Texas Supreme Court: State Can Keep Suppliers of Death Row Drugs Secret

The Texas Supreme Court has salvaged the state's death penalty, News Radio 1200 WOAI reports.

Acting on a appeal by the Texas Department of Criminal Justice, the high court overturned a lower court ruling and determined that the source of the drugs the state uses for lethal injection executions can be withheld from the public.

"We conclude, based on the evidence in the record, that disclosing the source’s identity would create a substantial threat of physical harm to the source’s employees and others,and therefore need not be disclosed," the court ruled.

The latest tactic of death penalty opponents is to harass pharmacies and pharmaceutical companies which supply the drugs used for lethal injection. The state said without the ability to keep those pharmacies secret, capital punishment could not continue to operate in Texas.

In the past fifteen years, obtaining the 'lethal cocktail' of drugs needed to carry out execution by lethal injection has become far more difficult for the Texas prison systems. Most of the major pharmaceutical companies were either headquartered in, or have major operations, in the European Union, and the E.U. has ruled thatthey cannot engage in the sale of drugs intended to cause the death of condemned inmates.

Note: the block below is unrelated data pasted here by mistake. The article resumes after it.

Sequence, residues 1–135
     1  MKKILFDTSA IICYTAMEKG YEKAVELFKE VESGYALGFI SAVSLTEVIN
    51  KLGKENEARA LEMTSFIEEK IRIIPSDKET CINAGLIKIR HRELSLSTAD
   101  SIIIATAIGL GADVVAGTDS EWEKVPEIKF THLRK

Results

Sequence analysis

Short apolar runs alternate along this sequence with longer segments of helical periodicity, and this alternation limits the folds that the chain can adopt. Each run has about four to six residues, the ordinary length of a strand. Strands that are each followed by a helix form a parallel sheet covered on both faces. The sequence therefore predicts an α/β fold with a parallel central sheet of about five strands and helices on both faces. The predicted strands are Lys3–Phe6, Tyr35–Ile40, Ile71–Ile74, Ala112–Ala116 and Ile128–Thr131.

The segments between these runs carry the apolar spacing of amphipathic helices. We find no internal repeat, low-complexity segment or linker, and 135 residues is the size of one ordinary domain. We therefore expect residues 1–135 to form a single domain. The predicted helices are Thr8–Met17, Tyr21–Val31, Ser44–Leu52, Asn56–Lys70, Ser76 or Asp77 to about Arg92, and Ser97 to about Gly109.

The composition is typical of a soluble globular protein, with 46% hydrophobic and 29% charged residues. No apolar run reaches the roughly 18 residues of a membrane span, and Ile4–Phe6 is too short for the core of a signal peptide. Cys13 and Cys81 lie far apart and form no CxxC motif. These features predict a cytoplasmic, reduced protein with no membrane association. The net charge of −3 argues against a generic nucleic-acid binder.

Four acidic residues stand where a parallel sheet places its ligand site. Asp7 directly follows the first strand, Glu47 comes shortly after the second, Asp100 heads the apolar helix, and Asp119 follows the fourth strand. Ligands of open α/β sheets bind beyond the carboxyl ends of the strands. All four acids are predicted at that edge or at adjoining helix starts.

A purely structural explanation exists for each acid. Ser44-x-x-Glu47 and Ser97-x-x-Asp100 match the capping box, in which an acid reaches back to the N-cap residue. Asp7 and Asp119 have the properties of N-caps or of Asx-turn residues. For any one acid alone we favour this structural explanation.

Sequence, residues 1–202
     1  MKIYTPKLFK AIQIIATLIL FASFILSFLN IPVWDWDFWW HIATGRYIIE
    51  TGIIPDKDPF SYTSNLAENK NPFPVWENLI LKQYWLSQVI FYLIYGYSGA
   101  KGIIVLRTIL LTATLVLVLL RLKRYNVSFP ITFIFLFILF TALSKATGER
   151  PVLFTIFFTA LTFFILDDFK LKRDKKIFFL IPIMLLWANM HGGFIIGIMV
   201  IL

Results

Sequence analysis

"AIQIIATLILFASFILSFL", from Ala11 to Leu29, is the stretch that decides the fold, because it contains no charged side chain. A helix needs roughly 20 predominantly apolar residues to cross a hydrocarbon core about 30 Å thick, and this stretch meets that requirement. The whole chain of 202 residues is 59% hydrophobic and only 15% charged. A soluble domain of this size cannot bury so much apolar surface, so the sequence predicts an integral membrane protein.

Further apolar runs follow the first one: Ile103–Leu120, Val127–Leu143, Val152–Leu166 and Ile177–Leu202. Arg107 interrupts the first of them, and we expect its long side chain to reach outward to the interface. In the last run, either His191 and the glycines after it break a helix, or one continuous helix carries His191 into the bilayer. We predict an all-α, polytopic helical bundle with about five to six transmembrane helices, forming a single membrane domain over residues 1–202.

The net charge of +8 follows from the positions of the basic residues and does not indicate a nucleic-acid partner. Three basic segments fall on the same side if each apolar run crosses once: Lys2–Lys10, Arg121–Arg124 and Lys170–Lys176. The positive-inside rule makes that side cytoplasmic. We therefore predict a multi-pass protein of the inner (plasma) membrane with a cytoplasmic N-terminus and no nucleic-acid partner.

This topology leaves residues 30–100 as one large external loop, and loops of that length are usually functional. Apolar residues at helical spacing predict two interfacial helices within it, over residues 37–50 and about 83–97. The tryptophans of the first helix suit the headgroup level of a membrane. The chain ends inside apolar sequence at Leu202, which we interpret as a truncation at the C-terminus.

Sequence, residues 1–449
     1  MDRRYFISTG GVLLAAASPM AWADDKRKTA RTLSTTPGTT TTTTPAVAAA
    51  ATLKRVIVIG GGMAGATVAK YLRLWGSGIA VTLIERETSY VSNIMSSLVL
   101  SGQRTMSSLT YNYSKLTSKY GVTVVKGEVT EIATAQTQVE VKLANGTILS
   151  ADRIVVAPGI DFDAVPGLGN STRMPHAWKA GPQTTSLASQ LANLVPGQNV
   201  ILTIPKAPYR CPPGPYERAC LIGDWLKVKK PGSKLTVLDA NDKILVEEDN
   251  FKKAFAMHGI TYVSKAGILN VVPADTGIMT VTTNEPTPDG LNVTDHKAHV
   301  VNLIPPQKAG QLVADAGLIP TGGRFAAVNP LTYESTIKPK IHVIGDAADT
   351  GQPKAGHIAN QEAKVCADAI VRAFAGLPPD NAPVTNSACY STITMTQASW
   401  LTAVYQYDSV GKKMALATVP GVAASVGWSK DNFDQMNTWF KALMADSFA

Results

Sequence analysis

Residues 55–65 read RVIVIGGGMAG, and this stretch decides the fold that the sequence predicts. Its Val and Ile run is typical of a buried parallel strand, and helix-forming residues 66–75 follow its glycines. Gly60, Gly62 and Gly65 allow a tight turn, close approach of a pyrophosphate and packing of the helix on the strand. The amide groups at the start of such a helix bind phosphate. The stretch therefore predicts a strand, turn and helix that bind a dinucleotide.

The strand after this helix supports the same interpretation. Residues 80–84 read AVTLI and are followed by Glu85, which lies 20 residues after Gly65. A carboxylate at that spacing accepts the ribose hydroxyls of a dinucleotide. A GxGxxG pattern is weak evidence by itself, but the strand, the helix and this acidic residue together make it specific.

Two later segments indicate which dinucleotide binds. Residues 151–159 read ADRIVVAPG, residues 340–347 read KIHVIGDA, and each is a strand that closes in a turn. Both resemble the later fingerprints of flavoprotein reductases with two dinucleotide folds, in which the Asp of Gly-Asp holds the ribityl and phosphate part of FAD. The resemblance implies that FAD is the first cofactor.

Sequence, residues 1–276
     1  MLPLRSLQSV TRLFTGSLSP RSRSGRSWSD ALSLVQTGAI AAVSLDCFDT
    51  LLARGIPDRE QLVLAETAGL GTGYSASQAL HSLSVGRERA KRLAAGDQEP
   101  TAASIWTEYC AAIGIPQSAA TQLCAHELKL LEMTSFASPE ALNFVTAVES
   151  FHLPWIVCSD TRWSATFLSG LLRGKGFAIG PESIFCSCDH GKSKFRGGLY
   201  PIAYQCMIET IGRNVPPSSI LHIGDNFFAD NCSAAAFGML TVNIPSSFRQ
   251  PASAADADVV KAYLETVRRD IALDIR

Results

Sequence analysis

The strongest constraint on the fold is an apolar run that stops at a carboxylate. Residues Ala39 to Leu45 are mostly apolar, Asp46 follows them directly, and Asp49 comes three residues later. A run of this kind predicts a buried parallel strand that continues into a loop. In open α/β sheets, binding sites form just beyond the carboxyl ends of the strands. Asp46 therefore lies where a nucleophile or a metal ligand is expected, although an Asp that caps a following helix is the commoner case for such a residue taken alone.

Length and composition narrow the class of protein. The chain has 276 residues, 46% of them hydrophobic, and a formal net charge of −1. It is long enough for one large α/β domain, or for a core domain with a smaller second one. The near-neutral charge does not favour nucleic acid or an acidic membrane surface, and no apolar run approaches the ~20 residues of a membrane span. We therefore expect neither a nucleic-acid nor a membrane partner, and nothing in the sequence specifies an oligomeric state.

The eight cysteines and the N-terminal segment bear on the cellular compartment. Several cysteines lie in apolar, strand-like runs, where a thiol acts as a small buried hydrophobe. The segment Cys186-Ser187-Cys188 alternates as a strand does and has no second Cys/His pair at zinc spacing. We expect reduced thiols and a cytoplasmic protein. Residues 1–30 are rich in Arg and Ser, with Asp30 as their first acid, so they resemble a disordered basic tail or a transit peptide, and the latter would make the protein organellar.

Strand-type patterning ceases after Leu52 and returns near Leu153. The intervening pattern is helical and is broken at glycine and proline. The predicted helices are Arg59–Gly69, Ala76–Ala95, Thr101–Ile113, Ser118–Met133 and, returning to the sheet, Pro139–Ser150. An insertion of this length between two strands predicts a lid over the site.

So TDCJ has had to generally buy the drugs from smaller 'compounding pharmacies,' and the willingness of many companies to supply these drugs as diminished as the supplies have found themselves under fire from death penalty opponents.

Attorney Maurie Levin, who is a prominent death penalty opponent, sued after the state expressed a desire to keep the source of the drugs secret, saying that would make it impossible for lawyers to determine whether the drugs meet the Constitutional standard of avoid 'cruel and unusual punishment.'

In making its ruling, the Texas Supreme Court cited a decision made in the last decade which allowed then Gov. Rick Perry to keep his security detail's operations secret.

"The Attorney General agreed and determined that release of the information would place the governor in imminent threat of physical danger,concluding that the information was excepted from disclosure because of a “special circumstances” aspect of common law privacy."

Attorney General Ken Paxton says, since the people of Texas through their elected representatives have determined that capital punishment is appropriate, it is critical that the death penalty be carried out according to law.

'This court ruling ensures anonymity for suppliers of drugs the State of Texas uses for executions by lethal injection. It is necessary to withhold the identities of these businesses and their employees from public disclosure to ensure their physical safety. The voters of Texas have expressed their judgment that the death penalty is necessary, and this decision preserves Texas’ ability to carry out executions mandated by state law," Paxton said.

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